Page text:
An Iranian human rights activist who has described Islam as a “totalitarian global threat” has had her speaking engagement at Trinity College, Dublin (TCD) cancelled. Refusal to comply with a unique set of restrictions not placed on other speakers, including proponents of Sharia law, was the reason given. Maryam Namazie, who regularly receives death threats for speaking out against Islamists, was due to give a talk to the university’s Society for International Affairs (SOFIA) on Monday titled: Apostasy and the Rise of Islamism. But the event was cancelled when she refused to comply with last minute restrictions, including limiting the audience to Trinity College students who are also members of the society and the addition of a moderator to add “balance” to the proceedings.
SOFIA has since tried to distance itself from the cancellation of the event, claiming that Ms Namazie pulled out following a “miscommunication” over the rules on speakers. Aoife McLoughlin-Ngo, the chair of SOFIA even sought to claim that none of SOFIA’s events are open to an outside audience, though she herself had posted a link to the event on Facebook just days earlier stating: “Hey guys, there are 2 event pages – the page I’m linking is open to people outside of SOFIA Members page.”
Ms Namazie is adamant that the college deliberately blocked her appearance to appease Muslim students who may be offended by the contents of her speech.
“I’ve just been informed that college security (why security?) has claimed that the event would show the college is “one-sided” and would be “antagonising” to “Muslim students” she wrote on her blog on last Friday. “They threatened to cancel my talk [unless the conditions are met].
“I, however, will not be submitting to any conditions, particularly since such conditions are not usually placed on other speakers.
“I intend to speak on Monday as initially planned without any restrictions and conditions and ask that TCD give me immediate assurances that I will be able to do so.”
The College did not give those assurances and the event was cancelled. Their refusal to do so is all the more astonishing in light of the fact that only last month, on 25th February, Kamal El Mekki was given a platform to speak at the university at an event co-hosted by the TCD Muslim Students Association and the Irish branch of the al-Maghrib Institute, which promotes Salafist Islam on campuses across the world.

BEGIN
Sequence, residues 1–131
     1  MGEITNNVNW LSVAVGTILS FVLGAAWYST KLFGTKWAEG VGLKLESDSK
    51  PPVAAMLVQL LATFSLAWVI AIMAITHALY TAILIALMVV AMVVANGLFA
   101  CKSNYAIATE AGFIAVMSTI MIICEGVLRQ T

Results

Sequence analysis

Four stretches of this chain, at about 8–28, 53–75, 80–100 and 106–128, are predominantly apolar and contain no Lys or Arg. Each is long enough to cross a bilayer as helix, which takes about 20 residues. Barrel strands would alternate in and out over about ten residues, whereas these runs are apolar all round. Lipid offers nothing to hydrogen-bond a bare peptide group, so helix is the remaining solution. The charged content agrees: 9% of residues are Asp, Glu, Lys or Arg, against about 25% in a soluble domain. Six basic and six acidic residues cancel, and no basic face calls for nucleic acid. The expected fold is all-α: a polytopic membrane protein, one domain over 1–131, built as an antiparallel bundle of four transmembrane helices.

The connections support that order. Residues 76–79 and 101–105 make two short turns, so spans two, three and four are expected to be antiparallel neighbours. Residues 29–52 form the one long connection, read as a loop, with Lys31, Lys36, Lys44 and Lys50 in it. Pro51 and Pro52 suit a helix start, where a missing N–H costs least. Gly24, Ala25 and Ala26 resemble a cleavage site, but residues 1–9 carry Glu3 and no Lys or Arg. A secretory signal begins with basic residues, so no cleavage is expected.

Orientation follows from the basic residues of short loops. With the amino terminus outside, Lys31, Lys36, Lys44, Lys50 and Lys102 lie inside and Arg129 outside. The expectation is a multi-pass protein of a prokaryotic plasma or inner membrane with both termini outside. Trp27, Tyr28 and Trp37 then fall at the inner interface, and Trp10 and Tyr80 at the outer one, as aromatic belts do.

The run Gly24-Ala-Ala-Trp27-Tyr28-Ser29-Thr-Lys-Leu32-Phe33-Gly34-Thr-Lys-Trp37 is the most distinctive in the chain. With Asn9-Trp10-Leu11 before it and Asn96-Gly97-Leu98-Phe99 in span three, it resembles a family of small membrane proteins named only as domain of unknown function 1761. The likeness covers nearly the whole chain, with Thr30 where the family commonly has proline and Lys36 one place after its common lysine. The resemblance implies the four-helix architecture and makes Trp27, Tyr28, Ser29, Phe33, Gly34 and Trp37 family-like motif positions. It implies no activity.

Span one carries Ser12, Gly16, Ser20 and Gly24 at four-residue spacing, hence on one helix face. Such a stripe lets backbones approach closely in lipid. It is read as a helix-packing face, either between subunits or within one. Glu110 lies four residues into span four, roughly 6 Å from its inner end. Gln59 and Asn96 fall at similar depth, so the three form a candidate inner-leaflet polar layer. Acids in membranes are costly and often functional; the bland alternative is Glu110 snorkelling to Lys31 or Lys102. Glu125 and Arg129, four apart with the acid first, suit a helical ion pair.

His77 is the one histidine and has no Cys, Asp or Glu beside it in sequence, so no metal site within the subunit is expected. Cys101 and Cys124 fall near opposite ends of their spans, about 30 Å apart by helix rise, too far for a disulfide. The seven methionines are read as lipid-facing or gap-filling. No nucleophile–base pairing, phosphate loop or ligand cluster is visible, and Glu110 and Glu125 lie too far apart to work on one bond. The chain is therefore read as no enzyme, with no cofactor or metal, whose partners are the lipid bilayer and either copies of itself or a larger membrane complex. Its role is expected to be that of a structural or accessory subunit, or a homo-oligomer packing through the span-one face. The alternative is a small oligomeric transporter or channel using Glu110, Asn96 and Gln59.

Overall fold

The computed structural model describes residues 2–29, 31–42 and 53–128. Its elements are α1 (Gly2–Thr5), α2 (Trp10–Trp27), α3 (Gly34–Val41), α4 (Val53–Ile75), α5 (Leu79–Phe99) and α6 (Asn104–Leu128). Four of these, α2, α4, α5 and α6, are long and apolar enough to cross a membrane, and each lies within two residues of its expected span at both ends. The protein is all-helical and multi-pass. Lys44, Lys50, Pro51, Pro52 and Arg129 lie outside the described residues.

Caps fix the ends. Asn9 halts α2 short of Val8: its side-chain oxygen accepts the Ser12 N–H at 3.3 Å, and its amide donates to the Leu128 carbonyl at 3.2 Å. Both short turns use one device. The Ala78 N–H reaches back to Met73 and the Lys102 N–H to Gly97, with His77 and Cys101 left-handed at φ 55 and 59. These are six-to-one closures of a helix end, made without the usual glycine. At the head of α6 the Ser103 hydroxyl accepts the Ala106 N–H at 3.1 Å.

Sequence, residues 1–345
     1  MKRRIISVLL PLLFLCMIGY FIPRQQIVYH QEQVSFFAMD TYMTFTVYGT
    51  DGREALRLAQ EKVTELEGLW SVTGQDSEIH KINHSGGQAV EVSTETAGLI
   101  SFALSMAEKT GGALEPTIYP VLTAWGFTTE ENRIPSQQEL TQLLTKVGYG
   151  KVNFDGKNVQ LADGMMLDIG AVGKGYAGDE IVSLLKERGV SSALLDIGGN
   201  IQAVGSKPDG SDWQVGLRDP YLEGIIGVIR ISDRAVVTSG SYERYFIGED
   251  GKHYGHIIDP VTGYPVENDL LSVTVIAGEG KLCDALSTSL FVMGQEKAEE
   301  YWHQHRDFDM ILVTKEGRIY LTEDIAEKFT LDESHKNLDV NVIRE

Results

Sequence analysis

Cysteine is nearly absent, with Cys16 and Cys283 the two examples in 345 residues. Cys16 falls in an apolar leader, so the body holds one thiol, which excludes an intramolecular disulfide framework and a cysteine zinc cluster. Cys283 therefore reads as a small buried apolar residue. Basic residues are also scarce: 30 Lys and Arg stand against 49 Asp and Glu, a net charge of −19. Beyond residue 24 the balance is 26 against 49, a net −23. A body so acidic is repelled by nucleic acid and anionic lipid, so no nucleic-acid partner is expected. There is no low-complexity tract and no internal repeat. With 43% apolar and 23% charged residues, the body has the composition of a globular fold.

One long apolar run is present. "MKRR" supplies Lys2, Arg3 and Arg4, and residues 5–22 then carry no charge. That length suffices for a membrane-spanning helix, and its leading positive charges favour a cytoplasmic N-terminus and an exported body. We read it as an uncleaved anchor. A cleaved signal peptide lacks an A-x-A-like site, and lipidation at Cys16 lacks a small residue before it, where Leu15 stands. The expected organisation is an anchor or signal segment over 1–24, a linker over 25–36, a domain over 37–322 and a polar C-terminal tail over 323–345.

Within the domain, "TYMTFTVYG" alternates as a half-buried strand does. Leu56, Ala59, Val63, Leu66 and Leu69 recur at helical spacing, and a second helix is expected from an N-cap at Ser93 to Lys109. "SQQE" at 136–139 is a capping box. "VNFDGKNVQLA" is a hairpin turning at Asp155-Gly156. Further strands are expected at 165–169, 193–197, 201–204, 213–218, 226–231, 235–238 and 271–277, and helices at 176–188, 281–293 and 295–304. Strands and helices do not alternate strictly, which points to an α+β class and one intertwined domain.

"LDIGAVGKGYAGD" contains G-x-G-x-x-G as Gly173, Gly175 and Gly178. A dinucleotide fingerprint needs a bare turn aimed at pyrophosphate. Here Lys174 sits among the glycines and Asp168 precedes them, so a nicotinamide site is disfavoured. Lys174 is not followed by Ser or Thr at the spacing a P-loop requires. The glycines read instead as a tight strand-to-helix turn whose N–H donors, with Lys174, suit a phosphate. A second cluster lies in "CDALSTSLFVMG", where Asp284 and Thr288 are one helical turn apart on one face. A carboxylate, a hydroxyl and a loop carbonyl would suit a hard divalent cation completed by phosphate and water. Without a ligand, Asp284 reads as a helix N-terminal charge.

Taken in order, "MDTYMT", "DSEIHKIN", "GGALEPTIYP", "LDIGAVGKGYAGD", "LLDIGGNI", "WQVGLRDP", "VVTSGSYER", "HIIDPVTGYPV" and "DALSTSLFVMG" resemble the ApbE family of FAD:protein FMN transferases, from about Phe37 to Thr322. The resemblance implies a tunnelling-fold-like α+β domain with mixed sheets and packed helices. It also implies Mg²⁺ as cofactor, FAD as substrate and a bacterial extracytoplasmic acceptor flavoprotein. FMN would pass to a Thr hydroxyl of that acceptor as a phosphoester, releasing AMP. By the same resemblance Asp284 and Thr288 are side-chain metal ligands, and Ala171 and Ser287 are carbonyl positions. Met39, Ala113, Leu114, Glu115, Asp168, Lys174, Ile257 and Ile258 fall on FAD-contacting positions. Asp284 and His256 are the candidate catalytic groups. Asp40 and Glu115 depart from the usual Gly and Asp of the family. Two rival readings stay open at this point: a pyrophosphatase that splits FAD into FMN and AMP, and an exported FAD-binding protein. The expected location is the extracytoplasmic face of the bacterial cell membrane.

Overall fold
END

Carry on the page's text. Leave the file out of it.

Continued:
Questions were raised with the college’s Central Societies Committee over the suitability of El Mekki as a speaker as he has in the past advocated the use of the death penalty for apostates and stoning of adulterers. When the Committee was shown a video of El Mekki explaining his views, Ms Namazie says they responded that they “could not see why there can even be a discussion about cancelling the event” and that his video was simply “explanatory and not advocatory”.
His event was allowed to go ahead without the restrictions that the university sought to impose on Ms Namazie.
“It is unsettling because these people are given free access to a campus, while those who oppose violence and speak out against the violation of rights of non-Muslims and Muslims alike have restrictions placed on them,” Ms Namazie told independent.ie
“If you criticise the Islamist movement, which is a far right political movement, you are seen as attacking ordinary Muslims – and this is not the case. Muslims are not a homogenous group. If you criticise the English Defence League, you’re not attacking the English.
“It is no surprise why we see so many young people turn to ISIS when no discussion is allowed to take place without concerns that Islamists might be offended.”
She has vowed to speak at the university and has said on her blog that she is currently in discussion with a number of other societies on how this might be achieved.
In a separate incident, the hate preacher Anjem Choudary has been invited to speak at Oxford University despite being on bail under suspicion of belonging to banned terrorist groups. He has been sent a letter by the Oxford union debating society inviting him to speak on the motion: “This house believes that radicalism is born at home.”
According to the Daily Mail, the students wrote that it would be a “great privilege” to have Mr Choudary appear as the “star speaker”, and gave him a choice of dates on which to do so.
Yesterday Mr Choudary brandished the letter before the Houses of Parliament, crowing: “I am still on police bail after being arrested by Scotland Yard in September last year. But the police can’t stop me from speaking. They can’t stop me from going to the Oxford Union where I’ve been invited to speak.”